Ruling: County's Pregnancy Center Disclaimer Law Violates Free Speech
Appeals court strikes down requirement that Montgomery County anti-abortion pregnancy centers tell patients they don’t “have a licensed medical professional on staff.”
A health regulation requiring anti-abortion pregnancy centers in Montgomery County to provide a disclaimer to patients has been ruled unconstitutional.
Last week, a federal appeals court struck down the requirement that the centers had to tell patients they did not “have a licensed medical professional on staff,” according to federal court records Patch accessed online.
The decision stems from a lawsuit filed in 2010. Centro Tepeyac, a Silver Spring-based nonprofit that provides pregnancy services but does not refer or provide abortions, sued the county, challenging the constitutionality of the resolution shortly after it was adopted by Montgomery County Council. Centro argued the resolution violated their rights to free speech, federal and county court records show.
The Washington Post reported the story last week.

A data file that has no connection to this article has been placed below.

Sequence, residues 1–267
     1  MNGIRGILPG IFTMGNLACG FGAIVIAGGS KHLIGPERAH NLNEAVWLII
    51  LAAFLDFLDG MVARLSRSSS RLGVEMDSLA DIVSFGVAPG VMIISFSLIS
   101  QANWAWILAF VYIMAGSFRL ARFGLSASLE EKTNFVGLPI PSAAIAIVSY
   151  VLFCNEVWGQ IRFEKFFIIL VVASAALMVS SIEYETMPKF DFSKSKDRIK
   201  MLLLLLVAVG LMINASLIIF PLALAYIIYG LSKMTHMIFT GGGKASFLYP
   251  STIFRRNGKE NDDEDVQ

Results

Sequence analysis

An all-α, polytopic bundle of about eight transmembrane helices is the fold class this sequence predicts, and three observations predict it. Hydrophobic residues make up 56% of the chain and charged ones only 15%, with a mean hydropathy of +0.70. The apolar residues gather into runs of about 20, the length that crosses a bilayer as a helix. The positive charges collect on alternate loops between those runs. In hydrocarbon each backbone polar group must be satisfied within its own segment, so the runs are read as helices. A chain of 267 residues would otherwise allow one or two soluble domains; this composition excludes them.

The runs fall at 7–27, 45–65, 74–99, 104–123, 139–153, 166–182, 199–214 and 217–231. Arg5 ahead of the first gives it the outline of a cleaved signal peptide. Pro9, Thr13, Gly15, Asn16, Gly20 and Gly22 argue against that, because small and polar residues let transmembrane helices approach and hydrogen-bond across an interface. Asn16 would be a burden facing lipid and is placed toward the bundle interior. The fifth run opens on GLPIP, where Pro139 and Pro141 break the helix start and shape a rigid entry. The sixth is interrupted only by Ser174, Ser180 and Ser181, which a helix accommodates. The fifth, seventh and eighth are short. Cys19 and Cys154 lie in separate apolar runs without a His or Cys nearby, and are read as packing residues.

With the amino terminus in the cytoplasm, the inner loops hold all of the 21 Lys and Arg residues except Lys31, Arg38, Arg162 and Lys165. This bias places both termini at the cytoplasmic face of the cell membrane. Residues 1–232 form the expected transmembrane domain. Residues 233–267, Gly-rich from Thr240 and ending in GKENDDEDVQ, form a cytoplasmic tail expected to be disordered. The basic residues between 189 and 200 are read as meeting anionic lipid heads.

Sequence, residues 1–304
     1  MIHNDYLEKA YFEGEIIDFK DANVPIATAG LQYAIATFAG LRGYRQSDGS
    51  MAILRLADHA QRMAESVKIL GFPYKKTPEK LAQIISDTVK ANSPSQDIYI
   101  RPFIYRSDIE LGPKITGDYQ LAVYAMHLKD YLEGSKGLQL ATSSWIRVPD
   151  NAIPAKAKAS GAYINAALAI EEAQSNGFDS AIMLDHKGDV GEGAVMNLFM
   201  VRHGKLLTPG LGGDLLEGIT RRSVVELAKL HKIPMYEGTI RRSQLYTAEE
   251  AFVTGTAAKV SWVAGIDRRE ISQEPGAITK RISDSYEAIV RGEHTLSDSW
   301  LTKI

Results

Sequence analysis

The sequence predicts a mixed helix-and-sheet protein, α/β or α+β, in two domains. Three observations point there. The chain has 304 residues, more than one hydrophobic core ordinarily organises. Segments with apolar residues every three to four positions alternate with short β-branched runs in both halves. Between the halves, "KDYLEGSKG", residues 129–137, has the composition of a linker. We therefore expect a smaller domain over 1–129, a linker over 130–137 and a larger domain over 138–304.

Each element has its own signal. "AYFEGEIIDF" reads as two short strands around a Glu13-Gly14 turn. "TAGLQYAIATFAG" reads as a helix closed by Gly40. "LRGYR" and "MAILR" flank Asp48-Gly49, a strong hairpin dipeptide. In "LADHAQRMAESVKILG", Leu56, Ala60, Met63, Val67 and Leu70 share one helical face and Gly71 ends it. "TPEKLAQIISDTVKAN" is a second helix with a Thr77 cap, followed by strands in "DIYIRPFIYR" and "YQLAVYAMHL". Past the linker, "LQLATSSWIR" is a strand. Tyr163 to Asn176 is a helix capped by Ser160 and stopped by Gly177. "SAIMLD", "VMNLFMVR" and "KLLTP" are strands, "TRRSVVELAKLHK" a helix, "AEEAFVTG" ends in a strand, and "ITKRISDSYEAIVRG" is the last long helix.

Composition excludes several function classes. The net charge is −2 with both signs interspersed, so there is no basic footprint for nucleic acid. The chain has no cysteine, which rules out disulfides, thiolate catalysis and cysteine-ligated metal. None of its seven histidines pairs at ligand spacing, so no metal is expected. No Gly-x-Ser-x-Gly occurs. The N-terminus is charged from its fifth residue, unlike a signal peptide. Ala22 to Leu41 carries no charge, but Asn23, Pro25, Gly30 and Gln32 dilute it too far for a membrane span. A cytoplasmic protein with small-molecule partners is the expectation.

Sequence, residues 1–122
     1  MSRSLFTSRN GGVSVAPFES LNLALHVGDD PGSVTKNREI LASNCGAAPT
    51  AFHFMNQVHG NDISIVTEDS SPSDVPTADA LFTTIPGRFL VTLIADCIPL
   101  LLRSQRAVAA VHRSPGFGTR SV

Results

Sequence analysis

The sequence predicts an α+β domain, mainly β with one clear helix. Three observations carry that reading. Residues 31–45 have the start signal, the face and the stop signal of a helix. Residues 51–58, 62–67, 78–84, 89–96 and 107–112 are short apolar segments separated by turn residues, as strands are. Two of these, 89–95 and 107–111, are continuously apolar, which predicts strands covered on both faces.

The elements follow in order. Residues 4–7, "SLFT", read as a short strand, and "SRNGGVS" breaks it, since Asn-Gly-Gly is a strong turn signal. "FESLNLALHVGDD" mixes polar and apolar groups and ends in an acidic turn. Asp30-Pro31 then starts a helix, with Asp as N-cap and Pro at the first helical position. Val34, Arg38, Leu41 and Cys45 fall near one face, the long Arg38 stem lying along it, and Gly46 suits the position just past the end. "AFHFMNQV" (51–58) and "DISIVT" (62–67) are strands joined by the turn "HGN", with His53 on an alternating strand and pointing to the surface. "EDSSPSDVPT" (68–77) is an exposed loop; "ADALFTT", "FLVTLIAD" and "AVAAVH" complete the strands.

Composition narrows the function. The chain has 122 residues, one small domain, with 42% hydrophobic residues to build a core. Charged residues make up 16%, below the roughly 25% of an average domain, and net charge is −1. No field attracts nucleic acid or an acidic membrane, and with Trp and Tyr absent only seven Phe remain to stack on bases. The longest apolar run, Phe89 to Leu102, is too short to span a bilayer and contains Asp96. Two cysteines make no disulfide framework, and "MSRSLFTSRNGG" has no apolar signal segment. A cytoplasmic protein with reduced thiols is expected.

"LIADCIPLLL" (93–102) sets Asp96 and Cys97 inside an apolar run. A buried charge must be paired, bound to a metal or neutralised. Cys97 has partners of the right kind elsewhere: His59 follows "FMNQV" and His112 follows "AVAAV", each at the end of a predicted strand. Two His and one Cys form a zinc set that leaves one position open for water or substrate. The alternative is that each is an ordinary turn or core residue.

County spokesman Patrick Lacefield reportedly told The Post in an email, “that the county is studying the ruling, and county officials say they are considering whether to file an appeal to the U.S. Supreme Court.”
The free-speech debate is of interest locally.
Though it does not appear to be part of the lawsuit, an anti-abortion pregnancy center was established in Germantown in 2010 in response to the arrival of Dr. LeRoy Carhart, one of the few doctors to openly perform late-term abortions.
Last year, abortion opponents staged a protest outside the school of the Germantown abortion clinic’s landlord’s daughter and distributed fliers of aborted fetuses in the Baltimore neighborhood of the landlord’s parents. In retaliation, the landlord, Todd Stave, mobilized a group of volunteers to call abortion protesters at their homes.